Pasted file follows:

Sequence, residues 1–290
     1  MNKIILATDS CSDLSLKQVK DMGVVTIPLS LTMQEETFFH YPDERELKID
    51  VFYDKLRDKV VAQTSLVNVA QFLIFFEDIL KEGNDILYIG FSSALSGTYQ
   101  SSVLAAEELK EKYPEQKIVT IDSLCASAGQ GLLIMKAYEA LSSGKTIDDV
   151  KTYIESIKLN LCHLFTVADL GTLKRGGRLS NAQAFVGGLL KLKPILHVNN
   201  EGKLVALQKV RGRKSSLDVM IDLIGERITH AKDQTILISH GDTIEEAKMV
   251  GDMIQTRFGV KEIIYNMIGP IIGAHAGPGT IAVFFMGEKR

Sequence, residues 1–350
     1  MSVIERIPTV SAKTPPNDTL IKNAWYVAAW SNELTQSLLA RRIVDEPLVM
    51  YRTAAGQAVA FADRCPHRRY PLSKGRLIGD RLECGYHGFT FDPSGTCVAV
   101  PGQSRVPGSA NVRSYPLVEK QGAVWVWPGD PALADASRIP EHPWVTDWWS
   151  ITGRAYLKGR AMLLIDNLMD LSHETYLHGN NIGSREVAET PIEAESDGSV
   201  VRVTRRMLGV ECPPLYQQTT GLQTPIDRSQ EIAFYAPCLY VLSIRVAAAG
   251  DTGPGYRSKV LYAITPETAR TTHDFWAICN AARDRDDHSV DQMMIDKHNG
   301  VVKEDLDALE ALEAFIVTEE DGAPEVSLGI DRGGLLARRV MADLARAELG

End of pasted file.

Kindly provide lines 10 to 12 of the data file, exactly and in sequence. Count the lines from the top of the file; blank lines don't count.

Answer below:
    51  YRTAAGQAVA FADRCPHRRY PLSKGRLIGD RLECGYHGFT FDPSGTCVAV
   101  PGQSRVPGSA NVRSYPLVEK QGAVWVWPGD PALADASRIP EHPWVTDWWS
   151  ITGRAYLKGR AMLLIDNLMD LSHETYLHGN NIGSREVAET PIEAESDGSV